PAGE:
Eastern Europe Sparkling Wline

How to explore eastern Europe's sparkling wine culture

By Patti Morrow, Epicure & Culture Contributor

I’m not much of a wine drinker; that is, unless it has bubbles.

You’re probably thinking expensive champagne, right? Champagne is the most well-known bubbly and always a good choice; however, there’s more to sparkling wine than just Champagne. There’s cava from Spain, Prosecco from Italy and a whole new popularity of fizzy beverages cropping up in less familiar European countries.

On my recent journey through Central and Eastern Europe, I was fortunate to be hosted by JayWay Travel, a tour agency specializing in finding local wineries that run the gamut from award-winning to off-the-beaten-path. This meant we were able to sample a good selection of Eastern European wine.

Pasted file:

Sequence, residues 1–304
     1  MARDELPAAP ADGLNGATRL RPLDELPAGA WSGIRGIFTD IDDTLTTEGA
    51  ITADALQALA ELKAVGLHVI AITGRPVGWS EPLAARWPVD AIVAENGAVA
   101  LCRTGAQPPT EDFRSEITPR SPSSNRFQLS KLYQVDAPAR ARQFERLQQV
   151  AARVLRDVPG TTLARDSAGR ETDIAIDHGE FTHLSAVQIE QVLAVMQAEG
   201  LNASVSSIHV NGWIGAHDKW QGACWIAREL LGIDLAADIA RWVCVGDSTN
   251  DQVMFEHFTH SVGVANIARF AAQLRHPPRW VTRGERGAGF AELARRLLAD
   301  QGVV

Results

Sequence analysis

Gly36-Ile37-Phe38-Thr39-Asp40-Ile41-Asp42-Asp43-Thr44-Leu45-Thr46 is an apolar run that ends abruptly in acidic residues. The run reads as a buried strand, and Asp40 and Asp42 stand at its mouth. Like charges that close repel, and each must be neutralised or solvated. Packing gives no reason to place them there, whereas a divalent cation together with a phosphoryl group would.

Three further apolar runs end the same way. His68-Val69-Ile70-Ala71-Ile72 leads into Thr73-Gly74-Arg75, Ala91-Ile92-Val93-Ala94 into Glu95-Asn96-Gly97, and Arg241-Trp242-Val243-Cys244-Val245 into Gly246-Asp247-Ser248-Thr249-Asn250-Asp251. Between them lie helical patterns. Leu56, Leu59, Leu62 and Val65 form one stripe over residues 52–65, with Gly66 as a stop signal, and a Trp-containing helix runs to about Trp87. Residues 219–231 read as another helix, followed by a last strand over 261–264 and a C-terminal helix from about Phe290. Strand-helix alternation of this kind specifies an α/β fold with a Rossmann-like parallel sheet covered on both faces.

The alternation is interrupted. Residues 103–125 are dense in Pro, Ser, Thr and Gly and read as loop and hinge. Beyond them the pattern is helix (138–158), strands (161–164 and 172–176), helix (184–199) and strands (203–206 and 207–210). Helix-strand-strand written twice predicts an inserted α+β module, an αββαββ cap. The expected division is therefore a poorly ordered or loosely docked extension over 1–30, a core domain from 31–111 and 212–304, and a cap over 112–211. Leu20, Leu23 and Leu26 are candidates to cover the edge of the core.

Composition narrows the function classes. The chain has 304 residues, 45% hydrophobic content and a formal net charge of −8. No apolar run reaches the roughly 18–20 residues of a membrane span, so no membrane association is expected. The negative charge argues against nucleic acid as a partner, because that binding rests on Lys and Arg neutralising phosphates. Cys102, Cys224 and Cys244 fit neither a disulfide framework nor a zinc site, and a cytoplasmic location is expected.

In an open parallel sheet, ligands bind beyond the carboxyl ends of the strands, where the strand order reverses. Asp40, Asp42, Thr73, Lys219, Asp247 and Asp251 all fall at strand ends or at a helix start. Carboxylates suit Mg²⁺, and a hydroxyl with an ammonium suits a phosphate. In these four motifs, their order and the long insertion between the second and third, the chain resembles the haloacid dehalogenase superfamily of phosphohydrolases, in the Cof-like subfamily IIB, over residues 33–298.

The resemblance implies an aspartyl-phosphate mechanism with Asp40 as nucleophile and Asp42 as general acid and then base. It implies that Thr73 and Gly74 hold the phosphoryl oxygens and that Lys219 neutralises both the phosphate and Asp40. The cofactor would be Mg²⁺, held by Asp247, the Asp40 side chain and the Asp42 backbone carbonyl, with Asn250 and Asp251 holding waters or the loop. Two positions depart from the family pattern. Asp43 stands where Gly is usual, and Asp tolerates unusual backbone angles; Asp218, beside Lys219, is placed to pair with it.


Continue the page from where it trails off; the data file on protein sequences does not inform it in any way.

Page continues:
Wines from Central and Eastern Europe are increasingly modern and consumer-friendly in style. Many offer a wide range of deliciously crafted and varietal wines at bargain prices, and sparkling wines are increasing their market share.

Did you know that sparkling #wines are becoming popular throughout Eastern #Europe? Here's where to find the best sips! Share on X

The Process

While the terrain, climate and culture may differ slightly throughout Central and Eastern Europe, there is one thing that many of the sparkling wine producers have in common; they employ the traditional méthode champenoise, which requires a second fermentation in the bottle.

eastern european wine at Cramele Halewood
Our group of Americans and Europeans enjoying the sparking rose at Cramele Halewood

After the first fermentation in the barrel, a syrupy mixture of sugar and yeast called tirage is added to the still wine. It is then bottled with a metallic stopper. The pressure produces carbon dioxide, which creates the bubbles or “sparkle” when the bottle is opened.

In the final stage, unappealing-looking remnant yeast, called lees, is removed by turning the bottles over and over.  Some Eastern European wine operations still perform this process manually, while others have automated.

1. Romania